The sun’s coming out now, shining through the trees as the rain continues to fall. The sun tries to cheer me up, outlining every dancing drop. The wind holds the beads of water in the air, giving them life. The sun-shower becomes a million tiny water babies sent to entertain me.
The late June greenery emerges emerald from the mist as we wind through the Don Valley. The rain totally disappears as mother sun takes her little droplets home--what was comforting suddenly seems cruel.
As we turn onto Bloor Street, I’m happy to say goodbye to the trees and wrap myself in cold steel and hardened concrete. If only I could stop the sun from keeping an eye on me. I don’t feel like being sunny today.
They say, life goes on. That the sun is still going to come up in the morning.
But why? Why must the sun always come up in the morning? Why can’t it take a day off? Why can’t we all take a day off to reflect on how screwed up everything is?
The only way to be free is to not need anything from anyone, even the sun. That way no one can hurt you or leave you when you need them the most. That’s when they always go. That’s when she left--when I needed her the most. What kind of a mother leaves her thirteen-year-old daughter?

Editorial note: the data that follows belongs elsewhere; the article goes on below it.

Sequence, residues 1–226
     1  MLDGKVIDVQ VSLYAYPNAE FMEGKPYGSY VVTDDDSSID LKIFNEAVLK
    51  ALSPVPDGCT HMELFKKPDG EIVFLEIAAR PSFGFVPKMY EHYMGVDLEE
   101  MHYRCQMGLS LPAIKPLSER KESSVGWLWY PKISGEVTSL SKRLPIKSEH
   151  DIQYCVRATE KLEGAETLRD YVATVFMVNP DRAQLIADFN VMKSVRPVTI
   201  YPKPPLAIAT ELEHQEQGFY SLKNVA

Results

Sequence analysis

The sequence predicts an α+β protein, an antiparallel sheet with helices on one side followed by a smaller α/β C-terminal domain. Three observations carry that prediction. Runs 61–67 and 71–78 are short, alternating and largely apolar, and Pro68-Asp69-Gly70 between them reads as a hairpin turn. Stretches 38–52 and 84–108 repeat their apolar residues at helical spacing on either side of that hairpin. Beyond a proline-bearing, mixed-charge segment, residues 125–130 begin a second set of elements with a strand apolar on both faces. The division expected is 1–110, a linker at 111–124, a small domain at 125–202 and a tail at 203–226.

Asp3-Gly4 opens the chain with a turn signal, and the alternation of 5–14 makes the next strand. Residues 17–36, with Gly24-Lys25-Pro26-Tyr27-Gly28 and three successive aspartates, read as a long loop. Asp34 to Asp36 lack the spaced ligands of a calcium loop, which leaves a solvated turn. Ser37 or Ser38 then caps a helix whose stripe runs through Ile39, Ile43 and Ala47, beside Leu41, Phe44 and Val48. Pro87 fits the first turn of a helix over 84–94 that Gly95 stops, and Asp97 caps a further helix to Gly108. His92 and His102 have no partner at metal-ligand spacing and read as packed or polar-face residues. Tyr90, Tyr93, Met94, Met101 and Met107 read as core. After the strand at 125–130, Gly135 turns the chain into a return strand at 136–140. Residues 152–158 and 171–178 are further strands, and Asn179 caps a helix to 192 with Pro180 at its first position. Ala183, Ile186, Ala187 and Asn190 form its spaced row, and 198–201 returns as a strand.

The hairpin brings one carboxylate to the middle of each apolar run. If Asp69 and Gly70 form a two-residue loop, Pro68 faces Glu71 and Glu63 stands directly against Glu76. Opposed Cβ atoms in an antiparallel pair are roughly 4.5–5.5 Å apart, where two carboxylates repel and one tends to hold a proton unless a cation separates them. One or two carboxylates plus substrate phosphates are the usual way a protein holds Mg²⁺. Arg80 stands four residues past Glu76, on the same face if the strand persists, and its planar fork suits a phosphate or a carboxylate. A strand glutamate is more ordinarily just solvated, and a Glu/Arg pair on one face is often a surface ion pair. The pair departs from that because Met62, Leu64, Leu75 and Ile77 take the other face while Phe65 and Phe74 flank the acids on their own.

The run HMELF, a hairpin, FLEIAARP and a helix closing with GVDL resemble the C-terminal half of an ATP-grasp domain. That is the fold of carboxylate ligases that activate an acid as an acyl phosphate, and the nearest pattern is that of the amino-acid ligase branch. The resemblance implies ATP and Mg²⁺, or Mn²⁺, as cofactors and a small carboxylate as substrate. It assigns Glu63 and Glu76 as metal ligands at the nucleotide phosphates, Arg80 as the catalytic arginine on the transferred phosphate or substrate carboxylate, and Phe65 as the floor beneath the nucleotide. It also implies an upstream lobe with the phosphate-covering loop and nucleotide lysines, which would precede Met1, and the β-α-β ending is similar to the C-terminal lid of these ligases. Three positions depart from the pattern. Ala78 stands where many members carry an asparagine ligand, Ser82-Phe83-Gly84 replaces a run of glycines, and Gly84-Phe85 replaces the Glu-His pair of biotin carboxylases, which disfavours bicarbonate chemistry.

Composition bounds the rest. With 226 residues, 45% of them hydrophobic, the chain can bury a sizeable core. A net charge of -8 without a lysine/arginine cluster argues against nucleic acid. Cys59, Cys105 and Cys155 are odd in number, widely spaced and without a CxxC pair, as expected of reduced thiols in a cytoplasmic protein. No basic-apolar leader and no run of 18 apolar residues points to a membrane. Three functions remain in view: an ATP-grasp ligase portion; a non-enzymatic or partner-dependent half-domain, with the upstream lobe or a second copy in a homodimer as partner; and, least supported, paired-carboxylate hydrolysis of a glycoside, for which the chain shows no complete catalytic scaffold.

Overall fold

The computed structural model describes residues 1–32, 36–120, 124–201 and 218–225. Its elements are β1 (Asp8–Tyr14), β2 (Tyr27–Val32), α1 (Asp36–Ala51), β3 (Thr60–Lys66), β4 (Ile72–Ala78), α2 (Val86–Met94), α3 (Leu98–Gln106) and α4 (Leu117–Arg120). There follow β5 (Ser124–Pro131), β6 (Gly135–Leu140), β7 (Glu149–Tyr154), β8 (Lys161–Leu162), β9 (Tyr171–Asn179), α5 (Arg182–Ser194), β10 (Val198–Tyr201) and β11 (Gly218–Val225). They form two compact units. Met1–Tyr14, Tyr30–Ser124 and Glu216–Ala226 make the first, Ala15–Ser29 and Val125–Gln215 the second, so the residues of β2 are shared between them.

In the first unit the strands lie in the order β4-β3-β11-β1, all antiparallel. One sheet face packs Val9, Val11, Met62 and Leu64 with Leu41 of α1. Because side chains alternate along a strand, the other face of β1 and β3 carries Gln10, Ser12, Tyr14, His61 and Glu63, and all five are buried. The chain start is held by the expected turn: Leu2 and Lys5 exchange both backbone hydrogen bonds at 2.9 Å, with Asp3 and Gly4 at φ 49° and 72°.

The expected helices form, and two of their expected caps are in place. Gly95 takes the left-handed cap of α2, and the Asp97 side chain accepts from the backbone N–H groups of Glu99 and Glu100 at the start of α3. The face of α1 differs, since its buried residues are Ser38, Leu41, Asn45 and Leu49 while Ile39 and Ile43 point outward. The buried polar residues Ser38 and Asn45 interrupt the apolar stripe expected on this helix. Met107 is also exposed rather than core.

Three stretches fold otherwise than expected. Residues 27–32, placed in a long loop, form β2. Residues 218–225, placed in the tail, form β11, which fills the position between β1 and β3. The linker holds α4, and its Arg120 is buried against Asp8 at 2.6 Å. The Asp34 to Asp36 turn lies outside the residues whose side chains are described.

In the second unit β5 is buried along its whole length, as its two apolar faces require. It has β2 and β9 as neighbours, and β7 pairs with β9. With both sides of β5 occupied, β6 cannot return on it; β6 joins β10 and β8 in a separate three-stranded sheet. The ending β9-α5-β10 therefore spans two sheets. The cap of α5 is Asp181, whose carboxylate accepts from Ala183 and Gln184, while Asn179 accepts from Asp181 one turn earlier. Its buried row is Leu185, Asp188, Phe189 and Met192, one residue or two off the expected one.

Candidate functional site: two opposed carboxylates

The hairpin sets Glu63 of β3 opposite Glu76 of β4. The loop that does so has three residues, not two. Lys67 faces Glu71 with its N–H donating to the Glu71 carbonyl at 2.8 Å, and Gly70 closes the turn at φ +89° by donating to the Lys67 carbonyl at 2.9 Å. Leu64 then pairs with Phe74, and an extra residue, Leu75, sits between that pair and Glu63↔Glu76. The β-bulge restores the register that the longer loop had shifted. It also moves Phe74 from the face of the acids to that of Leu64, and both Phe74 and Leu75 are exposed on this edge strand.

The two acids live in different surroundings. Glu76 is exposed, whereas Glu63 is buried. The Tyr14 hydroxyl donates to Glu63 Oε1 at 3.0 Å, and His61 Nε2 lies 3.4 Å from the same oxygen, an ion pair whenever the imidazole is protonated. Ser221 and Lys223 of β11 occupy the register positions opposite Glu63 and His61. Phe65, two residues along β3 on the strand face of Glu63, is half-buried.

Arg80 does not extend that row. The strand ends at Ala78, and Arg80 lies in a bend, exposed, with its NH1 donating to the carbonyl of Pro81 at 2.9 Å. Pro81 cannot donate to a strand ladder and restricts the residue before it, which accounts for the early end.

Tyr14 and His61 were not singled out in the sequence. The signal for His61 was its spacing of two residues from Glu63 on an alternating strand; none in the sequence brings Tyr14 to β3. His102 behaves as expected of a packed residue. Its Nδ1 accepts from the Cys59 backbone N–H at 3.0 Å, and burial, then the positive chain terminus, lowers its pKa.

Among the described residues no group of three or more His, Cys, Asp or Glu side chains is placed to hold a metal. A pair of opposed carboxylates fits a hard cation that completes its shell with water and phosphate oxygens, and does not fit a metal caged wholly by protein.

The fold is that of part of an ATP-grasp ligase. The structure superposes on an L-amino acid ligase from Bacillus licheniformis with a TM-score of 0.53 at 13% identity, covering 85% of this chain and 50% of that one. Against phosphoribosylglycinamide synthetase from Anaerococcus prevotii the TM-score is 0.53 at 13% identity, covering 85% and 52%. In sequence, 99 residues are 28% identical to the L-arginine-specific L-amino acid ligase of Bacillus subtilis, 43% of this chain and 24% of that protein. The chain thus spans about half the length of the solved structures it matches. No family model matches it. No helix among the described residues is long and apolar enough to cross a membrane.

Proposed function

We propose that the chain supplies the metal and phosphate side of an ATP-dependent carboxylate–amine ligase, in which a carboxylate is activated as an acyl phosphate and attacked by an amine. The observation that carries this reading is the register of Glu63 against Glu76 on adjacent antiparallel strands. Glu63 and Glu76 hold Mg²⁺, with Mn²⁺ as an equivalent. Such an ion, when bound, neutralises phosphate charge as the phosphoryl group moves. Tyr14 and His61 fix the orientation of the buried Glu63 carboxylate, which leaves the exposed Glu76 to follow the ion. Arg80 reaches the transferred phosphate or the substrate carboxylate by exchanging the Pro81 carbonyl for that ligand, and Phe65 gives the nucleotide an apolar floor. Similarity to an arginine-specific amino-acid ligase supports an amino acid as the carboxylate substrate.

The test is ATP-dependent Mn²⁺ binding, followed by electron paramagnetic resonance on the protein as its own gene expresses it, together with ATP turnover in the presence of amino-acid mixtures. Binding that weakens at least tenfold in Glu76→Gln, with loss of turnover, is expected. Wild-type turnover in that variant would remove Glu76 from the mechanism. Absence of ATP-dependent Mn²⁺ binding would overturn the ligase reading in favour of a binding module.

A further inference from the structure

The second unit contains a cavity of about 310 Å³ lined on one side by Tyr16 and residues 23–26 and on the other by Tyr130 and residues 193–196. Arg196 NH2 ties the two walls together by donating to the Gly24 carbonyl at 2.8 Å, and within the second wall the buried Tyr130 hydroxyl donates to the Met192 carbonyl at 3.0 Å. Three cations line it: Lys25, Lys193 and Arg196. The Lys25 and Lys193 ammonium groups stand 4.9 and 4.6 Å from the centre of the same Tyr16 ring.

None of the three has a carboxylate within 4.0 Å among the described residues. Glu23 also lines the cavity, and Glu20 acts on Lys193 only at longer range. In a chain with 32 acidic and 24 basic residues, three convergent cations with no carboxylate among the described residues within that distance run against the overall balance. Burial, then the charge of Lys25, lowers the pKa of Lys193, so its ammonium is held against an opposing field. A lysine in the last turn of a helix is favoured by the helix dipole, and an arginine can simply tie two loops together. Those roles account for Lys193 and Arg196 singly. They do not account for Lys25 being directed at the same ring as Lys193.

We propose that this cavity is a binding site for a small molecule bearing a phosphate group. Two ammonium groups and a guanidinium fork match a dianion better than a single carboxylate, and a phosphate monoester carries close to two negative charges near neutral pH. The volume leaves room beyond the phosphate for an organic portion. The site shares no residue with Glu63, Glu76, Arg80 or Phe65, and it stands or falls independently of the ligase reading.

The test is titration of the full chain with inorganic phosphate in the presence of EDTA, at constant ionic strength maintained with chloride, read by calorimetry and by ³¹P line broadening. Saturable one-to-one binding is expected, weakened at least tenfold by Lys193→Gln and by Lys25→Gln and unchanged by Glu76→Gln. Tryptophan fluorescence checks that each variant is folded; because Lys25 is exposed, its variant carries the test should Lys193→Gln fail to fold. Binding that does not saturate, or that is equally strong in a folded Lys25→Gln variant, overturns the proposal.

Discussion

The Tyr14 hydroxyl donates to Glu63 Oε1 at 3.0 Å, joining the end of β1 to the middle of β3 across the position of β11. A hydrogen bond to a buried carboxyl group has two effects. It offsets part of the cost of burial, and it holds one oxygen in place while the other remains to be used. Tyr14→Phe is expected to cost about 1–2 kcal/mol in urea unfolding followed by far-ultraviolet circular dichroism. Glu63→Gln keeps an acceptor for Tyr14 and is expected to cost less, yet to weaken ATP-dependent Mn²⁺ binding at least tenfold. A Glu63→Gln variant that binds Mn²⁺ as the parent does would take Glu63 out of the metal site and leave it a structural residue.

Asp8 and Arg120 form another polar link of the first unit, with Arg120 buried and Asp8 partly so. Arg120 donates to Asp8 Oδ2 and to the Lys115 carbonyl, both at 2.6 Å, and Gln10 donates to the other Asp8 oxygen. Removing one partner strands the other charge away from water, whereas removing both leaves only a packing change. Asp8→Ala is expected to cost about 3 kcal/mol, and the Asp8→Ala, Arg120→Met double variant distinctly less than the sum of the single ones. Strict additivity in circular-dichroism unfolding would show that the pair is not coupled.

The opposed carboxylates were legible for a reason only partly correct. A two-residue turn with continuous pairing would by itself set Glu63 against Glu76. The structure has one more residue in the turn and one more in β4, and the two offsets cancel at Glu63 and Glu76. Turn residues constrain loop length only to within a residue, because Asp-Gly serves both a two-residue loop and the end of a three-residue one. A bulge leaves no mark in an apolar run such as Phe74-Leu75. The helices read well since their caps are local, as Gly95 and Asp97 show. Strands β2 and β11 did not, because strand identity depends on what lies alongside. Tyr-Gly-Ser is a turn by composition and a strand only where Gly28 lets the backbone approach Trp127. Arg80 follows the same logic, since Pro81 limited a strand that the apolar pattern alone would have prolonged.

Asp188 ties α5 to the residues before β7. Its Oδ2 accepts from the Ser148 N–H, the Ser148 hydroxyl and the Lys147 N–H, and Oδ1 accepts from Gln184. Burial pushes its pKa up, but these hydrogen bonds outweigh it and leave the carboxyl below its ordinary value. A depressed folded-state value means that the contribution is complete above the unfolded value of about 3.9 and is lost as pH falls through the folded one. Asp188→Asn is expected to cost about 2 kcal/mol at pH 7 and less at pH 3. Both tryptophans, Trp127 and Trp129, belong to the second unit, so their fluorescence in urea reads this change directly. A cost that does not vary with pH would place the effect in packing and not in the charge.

This morning—the day of her funeral—I got my first period! It’s like she planned it that way. Her voice comes from behind a cloud, or wherever the hell she is—pun intended. “You’re a woman now and you’ll have to look after yourself.”
It was disgusting!
I used bunched up toilet paper for the first two hours until Dad could “pull himself together” enough to get out of their bathroom so I could see if Mom had left any tampons; she had—thank God.
I don’t know why Dad’s upset. He’s already found The She-devil—Mom’s instant replacement. Mom and Dad were high school sweethearts from grade nine on--how do you replace that? And almost overnight!
He says The She-devil’s “a friend who only wants to help us through a difficult time.”
He’s either naive, stupid or lying—my money’s on all three. No way am I going to let her “help” me.
“J,” Billy whines, tugging my sleeve and looking up at me with urgency in his clear blue eyes. Almost everybody calls me J. Jenevieve is too long, Jen is too short and Jenny is too perky. Billy’s my five-year-old brother. He’s all right, in his little pinstripe suit with his blond hair cut and styled like a junior executive: straight across the back and every hair arranged perfectly on top --a mini-Dad, poor kid. Of course Dad’s hair is no longer thick enough to be perfect on top and each year it gets closer to gray than blond. Mom wouldn’t have approved of The Witch’s new look for Billy.